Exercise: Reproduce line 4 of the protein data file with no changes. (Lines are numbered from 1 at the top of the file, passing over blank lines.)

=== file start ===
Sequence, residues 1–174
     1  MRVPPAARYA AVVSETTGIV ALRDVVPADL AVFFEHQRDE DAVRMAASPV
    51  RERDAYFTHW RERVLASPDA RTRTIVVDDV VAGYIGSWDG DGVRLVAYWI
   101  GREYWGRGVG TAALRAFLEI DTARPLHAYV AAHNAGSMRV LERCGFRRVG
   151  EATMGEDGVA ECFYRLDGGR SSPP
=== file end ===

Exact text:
   101  GREYWGRGVG TAALRAFLEI DTARPLHAYV AAHNAGSMRV LERCGFRRVG